Be Proactive and Seek Feedback from Your Manager

Seeking Proactive Feedback from Your Manager

Feedback is a critical component of our work. We need to understand whether our performance aligns with what is expected of us. We need to know what we are doing well, what we need to change and how we could improve. We need help to discover opportunities to advance our careers.

One of the common grievances of professionals is that their managers rarely give them adequate feedback. These feelings are not totally unfounded. Managers tend to be busy and deliver feedback only during cursory performance reviews. And, instinctively, managers fear confrontation: they assume that their employees may respond to even the slightest criticism with anger, defensiveness and alienation. Employees, for their part, resent feedback because they dislike being criticized.

This article suggests what you can do to effectively secure feedback from your manager. I have shared this process with several professionals who have successfully adopted it to further develop relationships with their managers.

Soliciting Feedback

•Set up regular meetings with your manager to seek feedback. Do not wait for the quarterly or annual performance reviews to solicit it.

•Prepare and send an agenda to your manager at least one day prior to your meeting. Use the questions in the following section to guide your discussions and agenda. Tailor the questions to suit your unique projects and goals. Cover all the broader, important topics on a regular basis.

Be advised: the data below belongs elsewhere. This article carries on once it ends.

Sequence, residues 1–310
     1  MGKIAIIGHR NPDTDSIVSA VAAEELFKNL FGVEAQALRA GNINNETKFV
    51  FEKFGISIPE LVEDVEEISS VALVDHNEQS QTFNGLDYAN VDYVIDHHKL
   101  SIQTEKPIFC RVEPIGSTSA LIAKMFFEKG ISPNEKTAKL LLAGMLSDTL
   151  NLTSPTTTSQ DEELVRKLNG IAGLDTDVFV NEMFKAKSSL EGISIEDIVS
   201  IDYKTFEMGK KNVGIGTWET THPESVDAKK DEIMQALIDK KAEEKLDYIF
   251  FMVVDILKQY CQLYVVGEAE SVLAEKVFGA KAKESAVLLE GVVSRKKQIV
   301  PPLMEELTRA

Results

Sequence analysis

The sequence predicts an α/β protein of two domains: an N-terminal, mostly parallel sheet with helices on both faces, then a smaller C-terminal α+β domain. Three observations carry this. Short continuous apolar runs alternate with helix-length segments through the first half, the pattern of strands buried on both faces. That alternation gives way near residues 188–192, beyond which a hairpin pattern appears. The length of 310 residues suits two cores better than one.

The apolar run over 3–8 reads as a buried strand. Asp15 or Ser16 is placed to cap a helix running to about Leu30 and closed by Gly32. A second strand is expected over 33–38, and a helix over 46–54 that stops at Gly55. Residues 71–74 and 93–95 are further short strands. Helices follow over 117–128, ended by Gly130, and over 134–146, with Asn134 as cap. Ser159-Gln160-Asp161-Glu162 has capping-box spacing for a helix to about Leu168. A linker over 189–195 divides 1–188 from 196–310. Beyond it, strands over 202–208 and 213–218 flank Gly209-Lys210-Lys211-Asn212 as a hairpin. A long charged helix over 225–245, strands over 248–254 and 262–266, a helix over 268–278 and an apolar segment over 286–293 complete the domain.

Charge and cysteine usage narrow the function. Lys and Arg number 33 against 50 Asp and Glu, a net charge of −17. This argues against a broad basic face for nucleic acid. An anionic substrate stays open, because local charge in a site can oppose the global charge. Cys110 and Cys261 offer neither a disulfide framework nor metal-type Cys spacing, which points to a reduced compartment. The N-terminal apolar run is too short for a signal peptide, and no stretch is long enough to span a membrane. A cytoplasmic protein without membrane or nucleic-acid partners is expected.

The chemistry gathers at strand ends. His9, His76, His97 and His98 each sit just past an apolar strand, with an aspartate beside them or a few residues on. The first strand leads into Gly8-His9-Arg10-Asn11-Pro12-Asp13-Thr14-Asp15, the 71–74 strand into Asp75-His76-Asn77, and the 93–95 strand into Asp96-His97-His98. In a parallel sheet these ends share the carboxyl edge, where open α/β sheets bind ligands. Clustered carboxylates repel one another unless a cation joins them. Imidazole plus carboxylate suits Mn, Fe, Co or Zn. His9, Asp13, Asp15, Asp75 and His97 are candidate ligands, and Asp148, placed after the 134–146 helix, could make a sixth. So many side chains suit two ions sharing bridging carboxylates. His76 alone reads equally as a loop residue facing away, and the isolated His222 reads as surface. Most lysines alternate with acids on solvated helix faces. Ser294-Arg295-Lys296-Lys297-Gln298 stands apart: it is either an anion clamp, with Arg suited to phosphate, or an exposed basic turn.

•Assure your manager that her opinions and suggestions matter and that you will listen to and act on them. You need not necessarily agree with every assessment, but remain open—do not grow defensive or angry. If you must disagree, do so politely. Offer your opinions using phrases such as “Could it be because …,” “how about …,” or “perhaps, another way to look at this is ….”

•Ask for specific examples. Take down notes. Conclude the meeting by thanking your manager. Affirm that you will develop and share with her a plan of action.

•Review your notes from the meeting. Look for patterns in her comments and suggestions. In a day or two, follow up with your action plan.

Check back next week for Part Two on Seeking Feedback from Management!

Article by Nagesh Belludi, RightAttitudes